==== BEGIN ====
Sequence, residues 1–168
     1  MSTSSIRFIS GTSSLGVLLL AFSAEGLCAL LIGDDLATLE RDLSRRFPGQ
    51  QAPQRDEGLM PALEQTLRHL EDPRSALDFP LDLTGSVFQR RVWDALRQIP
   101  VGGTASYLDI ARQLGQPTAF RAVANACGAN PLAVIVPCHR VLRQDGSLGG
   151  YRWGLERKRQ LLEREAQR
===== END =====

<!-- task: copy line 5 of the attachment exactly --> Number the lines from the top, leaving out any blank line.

   151  YRWGLERKRQ LLEREAQR